Polycyclic aromatic hydrocarbons (PAHs) are ubiquitous environmental contaminants present in air and food. Among PAHs, benzo(a)pyrene(BaP), phenanthrene (PH) and pyrene (PY) are considered to be important for their toxicity or abundance. To investigate the changes of biomarkers after PAH exposure, rats were treated with BaP (150 µg/kg) alone or with PH (4,300 µg/kg) and PY (2,700 µg/kg) (BPP group) by oral gavage once per day for 30 days. 7-ethoxyresorufin-O-deethylase activity in liver microsomal fraction was increased in only BaP groups. The highest concentration (34.5 ng/g) of BaP, was found in muscle of rats treated with BaP alone at 20 days of treatment; it was 23.6 ng/g in BPP treated rats at 30 days of treatment. The highest PH concentration was 47.1 ng/g in muscle and 118.8 ng/g in fat, and for PY it was 29.7 ng/g in muscle and 219.9 ng/g in fat, in BPP groups. In urine, 114-161 ng/ml 3-OH-PH was found, while PH was 41-69 ng/ml during treatment. 201-263 ng/ml 1-OH-PY was found, while PH was 9-17 ng/ml in urine. The level of PY, PH and their metabolites in urine was rapidly decreased after withdrawal of treatment. This study suggest that 1-OH-PY in urine is a sensitive biomarker for PAHs; it was the most highly detected marker among the three PAHs and their metabolites evaluated during the exposure period and for 14 days after withdrawal. PMID:17993750

  5. Tuning the Reactivity of Chromium(III)-Superoxo Species by Coordinating Axial Ligands.

    PubMed

    Goo, Yi Re; Maity, Annada C; Cho, Kyung-Bin; Lee, Yong-Min; Seo, Mi Sook; Park, Young Jun; Cho, Jaeheung; Nam, Wonwoo

    2015-11-01

    Metal-superoxo species have attracted much attention recently as key intermediates in enzymatic and biomimetic oxidation reactions. The effect(s) of axial ligands on the chemical properties of metal-superoxo complexes has never been explored previously. In this study, we synthesized and characterized chromium(III)-superoxo complexes bearing TMC derivatives with pendant pyridine and imidazole donors, such as [Cr(III)(O2)(TMC-Py)](2+) (1, TMC-Py = 4,8,11-trimethyl-1-(2-pyridylmethyl)-1,4,8,11-tetraazacyclotetradecane) and [Cr(III)(O2)(TMC-Im)](2+) (2, TMC-Im = 4,8,11-trimethyl-1-(2-methylimidazolmethyl)-1,4,8,11-tetraazacyclotetradecane). The reactivity of chromium(III)-superoxo complexes binding different axial ligands, such as 1, 2, and [Cr(III)(O2)(TMC)(Cl)](+) (3, TMC = 1,4,8,11-tetramethyl-1,4,8,11-tetraazacyclotetradecane), was then investigated in C-H bond activation and oxygen atom transfer reactions. Kinetic studies revealed that the reactivity of the Cr(III)-superoxo complexes depends on the axial ligands, showing the reactivity order of 1 > 2 > 3 in those electrophilic oxidation reactions. It was also shown that there is a good correlation between the reactivity of the chromium(III)-superoxo complexes and their redox potentials, in which the redox potentials of the chromium(III)-superoxo complexes are in the order 1 > 2 > 3. DFT calculations reproduced the reactivity order between 1 and 3 in both C-H bond activation and oxygen atom transfer reactions, and the latter reaction is described using orbital interactions. The calculations are also in agreement with the experimentally obtained redox potentials. The present results provide the first example showing that the reactivity of metal-superoxo species can be tuned by the electron-donating ability of axial ligands bound trans to the metal-superoxo moiety.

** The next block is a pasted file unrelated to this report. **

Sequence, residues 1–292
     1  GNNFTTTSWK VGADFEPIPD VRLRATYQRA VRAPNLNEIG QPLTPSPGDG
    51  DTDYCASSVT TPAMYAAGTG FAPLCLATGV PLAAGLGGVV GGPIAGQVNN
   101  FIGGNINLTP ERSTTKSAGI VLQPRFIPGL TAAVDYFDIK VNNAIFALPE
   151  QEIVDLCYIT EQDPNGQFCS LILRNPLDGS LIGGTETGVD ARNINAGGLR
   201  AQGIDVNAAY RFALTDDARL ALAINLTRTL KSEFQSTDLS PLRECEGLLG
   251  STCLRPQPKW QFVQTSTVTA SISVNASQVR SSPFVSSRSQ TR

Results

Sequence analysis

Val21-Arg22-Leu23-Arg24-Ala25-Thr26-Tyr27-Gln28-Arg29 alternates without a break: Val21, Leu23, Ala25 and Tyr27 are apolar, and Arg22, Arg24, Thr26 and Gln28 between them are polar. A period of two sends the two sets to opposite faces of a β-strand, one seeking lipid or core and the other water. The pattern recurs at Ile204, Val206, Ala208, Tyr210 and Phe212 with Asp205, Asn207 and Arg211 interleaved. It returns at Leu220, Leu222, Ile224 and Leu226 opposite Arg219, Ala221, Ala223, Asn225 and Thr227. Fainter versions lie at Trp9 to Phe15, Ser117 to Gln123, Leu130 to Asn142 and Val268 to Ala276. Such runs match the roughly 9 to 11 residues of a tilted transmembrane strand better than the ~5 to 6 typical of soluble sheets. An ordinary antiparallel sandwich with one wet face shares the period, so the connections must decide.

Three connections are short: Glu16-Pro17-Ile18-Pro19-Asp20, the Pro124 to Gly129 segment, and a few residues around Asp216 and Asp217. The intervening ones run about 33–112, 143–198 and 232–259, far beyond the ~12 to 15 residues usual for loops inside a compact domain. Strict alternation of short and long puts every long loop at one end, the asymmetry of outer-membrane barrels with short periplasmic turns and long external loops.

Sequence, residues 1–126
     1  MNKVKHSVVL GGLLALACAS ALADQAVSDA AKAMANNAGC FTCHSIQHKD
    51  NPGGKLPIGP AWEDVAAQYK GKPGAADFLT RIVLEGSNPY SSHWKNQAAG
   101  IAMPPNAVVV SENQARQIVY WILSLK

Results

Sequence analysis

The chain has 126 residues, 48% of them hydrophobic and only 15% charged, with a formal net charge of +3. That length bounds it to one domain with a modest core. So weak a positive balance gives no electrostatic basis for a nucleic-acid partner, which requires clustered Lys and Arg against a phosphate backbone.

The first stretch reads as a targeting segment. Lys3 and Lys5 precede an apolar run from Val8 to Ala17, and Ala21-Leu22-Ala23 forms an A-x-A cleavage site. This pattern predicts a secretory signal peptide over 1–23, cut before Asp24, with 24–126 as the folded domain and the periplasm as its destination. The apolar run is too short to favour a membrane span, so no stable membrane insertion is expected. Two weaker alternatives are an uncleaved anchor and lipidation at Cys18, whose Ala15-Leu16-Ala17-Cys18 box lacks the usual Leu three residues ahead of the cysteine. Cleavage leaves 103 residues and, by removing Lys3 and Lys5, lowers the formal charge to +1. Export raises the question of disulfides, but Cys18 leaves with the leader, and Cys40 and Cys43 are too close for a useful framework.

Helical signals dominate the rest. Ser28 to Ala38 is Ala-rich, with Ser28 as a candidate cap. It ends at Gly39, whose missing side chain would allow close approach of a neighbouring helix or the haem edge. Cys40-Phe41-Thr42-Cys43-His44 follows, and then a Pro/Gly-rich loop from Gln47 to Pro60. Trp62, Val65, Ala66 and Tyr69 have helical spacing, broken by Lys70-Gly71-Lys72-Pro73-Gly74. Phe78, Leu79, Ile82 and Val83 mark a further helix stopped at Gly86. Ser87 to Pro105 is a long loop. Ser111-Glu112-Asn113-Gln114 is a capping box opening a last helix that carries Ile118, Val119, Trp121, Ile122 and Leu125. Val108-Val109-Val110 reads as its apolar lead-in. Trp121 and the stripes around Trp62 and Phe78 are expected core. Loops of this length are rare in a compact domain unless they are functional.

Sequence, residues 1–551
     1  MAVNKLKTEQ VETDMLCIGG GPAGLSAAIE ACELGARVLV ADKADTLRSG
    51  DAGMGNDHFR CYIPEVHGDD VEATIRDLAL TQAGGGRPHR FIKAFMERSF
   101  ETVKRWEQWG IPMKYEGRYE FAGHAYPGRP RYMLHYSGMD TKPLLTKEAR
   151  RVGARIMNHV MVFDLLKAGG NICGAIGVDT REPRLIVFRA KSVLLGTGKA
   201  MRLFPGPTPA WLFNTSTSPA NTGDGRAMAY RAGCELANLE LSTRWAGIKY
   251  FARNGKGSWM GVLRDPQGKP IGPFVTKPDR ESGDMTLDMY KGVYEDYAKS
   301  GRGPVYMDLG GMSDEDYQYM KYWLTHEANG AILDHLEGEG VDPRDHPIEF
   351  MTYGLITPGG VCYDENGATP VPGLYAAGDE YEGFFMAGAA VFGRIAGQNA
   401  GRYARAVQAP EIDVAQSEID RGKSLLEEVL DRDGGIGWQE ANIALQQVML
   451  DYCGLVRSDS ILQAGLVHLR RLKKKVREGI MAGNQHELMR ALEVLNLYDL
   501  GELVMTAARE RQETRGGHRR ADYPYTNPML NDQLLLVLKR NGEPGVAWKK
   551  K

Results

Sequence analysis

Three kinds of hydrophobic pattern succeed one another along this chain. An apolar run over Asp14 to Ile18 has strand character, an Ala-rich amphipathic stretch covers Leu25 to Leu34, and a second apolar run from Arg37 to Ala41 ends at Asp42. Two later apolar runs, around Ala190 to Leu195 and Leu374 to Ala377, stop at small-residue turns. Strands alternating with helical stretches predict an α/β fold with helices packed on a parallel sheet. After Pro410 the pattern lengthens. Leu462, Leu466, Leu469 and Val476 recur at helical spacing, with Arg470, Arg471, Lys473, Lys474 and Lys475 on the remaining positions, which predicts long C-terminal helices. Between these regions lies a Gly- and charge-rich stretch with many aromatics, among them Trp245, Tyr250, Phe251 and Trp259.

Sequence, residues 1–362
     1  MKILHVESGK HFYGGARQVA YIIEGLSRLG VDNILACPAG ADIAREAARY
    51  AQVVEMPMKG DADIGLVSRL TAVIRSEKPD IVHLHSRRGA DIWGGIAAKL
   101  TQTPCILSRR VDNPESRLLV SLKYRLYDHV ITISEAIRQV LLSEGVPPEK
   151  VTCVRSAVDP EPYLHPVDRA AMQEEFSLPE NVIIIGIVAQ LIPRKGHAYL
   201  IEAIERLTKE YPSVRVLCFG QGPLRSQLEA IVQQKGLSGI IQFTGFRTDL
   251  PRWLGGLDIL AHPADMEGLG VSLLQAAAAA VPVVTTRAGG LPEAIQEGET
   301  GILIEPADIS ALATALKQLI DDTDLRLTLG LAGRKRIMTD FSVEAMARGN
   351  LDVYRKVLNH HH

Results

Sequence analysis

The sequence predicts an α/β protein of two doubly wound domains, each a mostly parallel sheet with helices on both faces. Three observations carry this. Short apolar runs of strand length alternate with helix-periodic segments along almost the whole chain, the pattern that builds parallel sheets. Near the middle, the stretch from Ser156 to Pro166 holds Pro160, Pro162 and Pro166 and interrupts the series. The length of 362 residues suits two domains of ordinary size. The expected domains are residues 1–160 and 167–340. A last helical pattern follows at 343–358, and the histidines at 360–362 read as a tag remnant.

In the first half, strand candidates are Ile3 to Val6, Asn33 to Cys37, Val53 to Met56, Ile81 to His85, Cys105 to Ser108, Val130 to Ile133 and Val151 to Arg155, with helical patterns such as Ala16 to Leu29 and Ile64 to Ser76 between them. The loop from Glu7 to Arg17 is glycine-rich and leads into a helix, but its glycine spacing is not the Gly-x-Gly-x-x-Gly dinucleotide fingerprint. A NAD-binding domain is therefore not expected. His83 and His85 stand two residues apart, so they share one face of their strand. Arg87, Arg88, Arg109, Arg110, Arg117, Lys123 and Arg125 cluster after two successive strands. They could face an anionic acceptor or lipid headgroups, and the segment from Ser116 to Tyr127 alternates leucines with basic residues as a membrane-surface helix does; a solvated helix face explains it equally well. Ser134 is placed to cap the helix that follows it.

6. Fish-Bite structure by three-dimensional hydrogen-bond acceptor: IR spectroscopy of pyrrole and N-methylpyrrole binary clusters.

    PubMed

    Matsumoto, Yoshiteru; Murakami, Sunao; Honma, Kenji

    2012-08-21

    The N-H...π hydrogen-bonded (H-bonded) structures of pyrrole (Py) and N-methylpyrrole (NMPy) binary clusters have been studied by IR cavity ringdown spectroscopy and density functional theory calculations. The Py(1)-NMPy(1) cluster has an "L-shape" structure, which is formed by an ordinary H-bond between a N-H donor of Py and a π-electron cloud acceptor of NMPy. The Py(2)-NMPy(1) cluster has a "Cyclic" structure, which is also formed by ordinary N-H...π H-bonds as well as the weak C-H...π H-bond between the methyl CH group and the π cloud acceptor of Py. On the other hand, the Py(1)-NMPy(2) cluster shows an extraordinary structure, in which the single donor NH group is surrounded by a three-dimensional H-bond acceptor formed by two aromatic π electron clouds. We call the Py(1)-NMPy(2) cluster as the "Fish-Bite" structure. The Py(1)-NMPy(2) cluster exhibits a redshifted NH stretch by 157 cm(-1) from the Py monomer, which is larger than 94 cm(-1) of the Py(1)-NMPy(1) cluster. However, both Py(1)-NMPy(1) and Py(1)-NMPy(2) clusters have calculated IR intensities of 169 and 163 km/mol, respectively. This result indicates that not only the N-H...π H-bonds but also the dipole-dipole interaction between Py and NMPy contributes to the Fish-Bite Py(1)-NMPy(2) cluster formation.

  7. Isolation of a Rhizobium phaseoli cytochrome mutant with enhanced respiration and symbiotic nitrogen fixation.

    PubMed Central

    Soberón, M; Williams, H D; Poole, R K; Escamilla, E

    1989-01-01